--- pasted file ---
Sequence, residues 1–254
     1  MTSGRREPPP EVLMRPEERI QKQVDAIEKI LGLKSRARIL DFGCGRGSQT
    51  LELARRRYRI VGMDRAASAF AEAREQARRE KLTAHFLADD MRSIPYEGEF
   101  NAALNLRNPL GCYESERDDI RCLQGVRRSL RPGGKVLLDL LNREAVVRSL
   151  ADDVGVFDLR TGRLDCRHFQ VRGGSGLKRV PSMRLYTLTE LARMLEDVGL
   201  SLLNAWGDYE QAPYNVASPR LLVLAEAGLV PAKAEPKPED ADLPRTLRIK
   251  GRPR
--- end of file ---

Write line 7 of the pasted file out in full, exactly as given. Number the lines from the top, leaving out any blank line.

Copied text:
   251  GRPR